[ RadSafe ] Outlandish WIPP report and LNT

Miller, Mark L mmiller at sandia.gov
Mon Feb 24 15:05:07 CST 2014

Strive for Established Science, not Established Policy or Ideology.  Epidemiology not likely to provide answers.  We MUST use the correct null hypothesis to avoid a logical fallacy!  (The null hypothesis IS: "There is no effect of radiation exposure below 10 rem (0.1 Sv)".)  The burden of proof must be borne by whatever alternative hypothesis one chooses to test (e.g. LNT, hormesis, etc.).  Right now, we're going about it BACKWARDS and trying (without success) to prove a negative.
Use the Precautionary APPROACH, not Principle!  (Patrick Moore, Greenpeace Founder)
Don't Demonize or Romanticize....leave that to Republicans and the Democrats in Washington.

-----Original Message-----
From: Brad Keck [mailto:bradkeck at mac.com] 
Sent: Sunday, February 23, 2014 4:32 PM
To: The International Radiation Protection (Health Physics) Mailing List
Subject: Re: [ RadSafe ] Outlandish WIPP report and LNT

But even if LNT is not supported by an abundance of data, it is greatly loved and admired as Prof. Cohen's experience points out.   I would much favor an approach similar to conventional chemical toxicology - establishment of a no effect level and application of a safety margin against that.  However, LNT and the philosophy that we are actually doing something with tiny reductions in  low doses continues to carry the day, even among HP's.  

How do we move people philosophically to a more conventional view of radiation toxicology - hopefully one aligned with the best science?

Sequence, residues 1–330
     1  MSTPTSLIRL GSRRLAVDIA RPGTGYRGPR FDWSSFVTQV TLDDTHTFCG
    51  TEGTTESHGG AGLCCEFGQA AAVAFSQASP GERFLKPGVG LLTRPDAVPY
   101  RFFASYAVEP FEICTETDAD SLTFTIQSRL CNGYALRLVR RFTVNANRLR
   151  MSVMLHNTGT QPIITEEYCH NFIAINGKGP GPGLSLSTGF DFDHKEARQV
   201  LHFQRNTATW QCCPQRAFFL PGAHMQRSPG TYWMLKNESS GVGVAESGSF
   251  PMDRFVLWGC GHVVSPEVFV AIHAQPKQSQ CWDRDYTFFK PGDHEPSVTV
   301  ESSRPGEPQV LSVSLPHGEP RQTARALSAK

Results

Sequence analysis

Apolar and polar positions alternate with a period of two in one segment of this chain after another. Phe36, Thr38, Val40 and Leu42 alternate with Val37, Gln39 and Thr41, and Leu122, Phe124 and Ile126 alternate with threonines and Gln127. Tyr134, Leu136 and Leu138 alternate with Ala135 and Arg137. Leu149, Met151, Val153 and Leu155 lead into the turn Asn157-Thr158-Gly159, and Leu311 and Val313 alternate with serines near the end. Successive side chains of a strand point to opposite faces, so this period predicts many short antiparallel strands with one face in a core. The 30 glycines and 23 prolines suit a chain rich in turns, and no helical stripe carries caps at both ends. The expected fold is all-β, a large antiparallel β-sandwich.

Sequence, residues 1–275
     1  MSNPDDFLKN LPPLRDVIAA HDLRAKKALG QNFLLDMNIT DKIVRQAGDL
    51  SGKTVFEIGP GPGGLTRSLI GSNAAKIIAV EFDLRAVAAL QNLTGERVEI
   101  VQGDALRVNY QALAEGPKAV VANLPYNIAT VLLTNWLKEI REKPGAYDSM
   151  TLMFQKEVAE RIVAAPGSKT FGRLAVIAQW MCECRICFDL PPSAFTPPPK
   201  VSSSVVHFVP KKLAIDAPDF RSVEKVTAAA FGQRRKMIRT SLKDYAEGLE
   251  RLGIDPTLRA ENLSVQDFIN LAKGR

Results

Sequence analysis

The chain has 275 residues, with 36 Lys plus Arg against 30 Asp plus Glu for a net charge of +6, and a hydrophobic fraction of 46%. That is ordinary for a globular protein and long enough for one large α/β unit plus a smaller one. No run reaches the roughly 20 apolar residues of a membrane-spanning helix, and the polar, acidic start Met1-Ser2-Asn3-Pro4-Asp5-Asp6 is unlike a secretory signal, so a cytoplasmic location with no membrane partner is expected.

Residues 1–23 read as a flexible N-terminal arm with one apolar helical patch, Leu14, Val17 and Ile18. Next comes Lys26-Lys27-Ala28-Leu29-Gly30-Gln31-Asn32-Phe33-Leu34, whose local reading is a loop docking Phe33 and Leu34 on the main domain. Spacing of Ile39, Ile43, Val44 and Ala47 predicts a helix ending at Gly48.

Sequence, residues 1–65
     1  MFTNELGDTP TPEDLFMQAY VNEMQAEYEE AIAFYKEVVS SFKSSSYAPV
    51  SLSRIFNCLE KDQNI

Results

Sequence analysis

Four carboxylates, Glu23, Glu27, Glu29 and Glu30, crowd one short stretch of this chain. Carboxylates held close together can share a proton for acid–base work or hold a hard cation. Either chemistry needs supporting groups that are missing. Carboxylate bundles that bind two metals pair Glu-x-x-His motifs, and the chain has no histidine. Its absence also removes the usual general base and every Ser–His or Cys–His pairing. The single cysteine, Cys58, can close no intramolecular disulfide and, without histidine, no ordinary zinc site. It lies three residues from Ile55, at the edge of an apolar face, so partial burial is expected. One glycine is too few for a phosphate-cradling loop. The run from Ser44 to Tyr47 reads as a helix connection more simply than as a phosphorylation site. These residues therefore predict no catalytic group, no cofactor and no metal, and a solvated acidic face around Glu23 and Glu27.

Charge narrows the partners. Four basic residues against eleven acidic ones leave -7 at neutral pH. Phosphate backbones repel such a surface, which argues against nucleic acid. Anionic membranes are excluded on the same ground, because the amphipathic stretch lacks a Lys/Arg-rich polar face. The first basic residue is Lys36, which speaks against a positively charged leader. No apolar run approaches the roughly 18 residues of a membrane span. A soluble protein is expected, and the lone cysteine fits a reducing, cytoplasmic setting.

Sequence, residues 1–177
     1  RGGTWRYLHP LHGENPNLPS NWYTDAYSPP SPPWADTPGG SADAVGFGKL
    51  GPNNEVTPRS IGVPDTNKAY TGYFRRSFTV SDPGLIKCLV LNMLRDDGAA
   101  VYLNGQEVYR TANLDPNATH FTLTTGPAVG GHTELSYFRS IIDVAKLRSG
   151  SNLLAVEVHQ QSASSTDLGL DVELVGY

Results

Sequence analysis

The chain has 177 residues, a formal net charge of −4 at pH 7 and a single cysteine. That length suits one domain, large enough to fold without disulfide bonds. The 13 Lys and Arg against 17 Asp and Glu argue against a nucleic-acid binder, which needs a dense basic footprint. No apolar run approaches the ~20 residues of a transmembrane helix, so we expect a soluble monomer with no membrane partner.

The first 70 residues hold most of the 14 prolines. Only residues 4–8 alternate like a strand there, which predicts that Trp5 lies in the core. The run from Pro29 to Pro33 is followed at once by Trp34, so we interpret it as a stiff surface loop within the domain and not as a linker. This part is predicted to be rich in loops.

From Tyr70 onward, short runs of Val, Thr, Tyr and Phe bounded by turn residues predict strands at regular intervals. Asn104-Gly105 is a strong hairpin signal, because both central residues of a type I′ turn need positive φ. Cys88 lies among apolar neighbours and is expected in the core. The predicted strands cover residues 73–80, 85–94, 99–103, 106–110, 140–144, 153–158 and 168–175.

Bradly D Keck, PhD, CHP

> On Feb 22, 2014, at 1:59 PM, "Otto G. Raabe" <ograabe at ucdavis.edu> wrote:
> At 01:48 PM 2/21/2014, Mark wrote:
>> As ridiculous as this article is, I suspect the authors actually believe in their fear mongering concerns.  They stem from the long-misused LNT that suggests that ANY radiation exposure, no matter how small, can kill you.  Just one more reason to put radiation protection on to a science-based platform and wait for the 1-2 generations to let the public's misguided radiophobia 'decay away".
> **************************
> February 22, 2014
> I have written a dozen scientific papers including one in SCIENCE in 
> 1980 that show that radiation induced cancer is not a function of 
> cumulative dose and that the LNT does not apply to radiation induced cancer.
> The A-bomb studies involve promotion of ongoing  cancer rates in the Japanese population.
> When Bernie Cohen showed quite conclusively that radon in homes is not 
> a carcinogen at low doses and that the LNT was wrong, he was assailed 
> by establishment scientists with imaginative but faulty explanations and criticism.
> If LNT is the basis for all analyses as is common today, the findings 
> will always be consistent with LNT, a priori.
> Science is supposed to be about truth rather than tradition.
> Otto
> **********************************************
> Prof. Otto G. Raabe, Ph.D., CHP
> Center for Health & the Environment
> University of California
> One Shields Avenue
> Davis, CA 95616
> E-Mail: ograabe at ucdavis.edu
> Phone: (530) 752-7754   FAX: (530) 758-6140
> *********************************************** 
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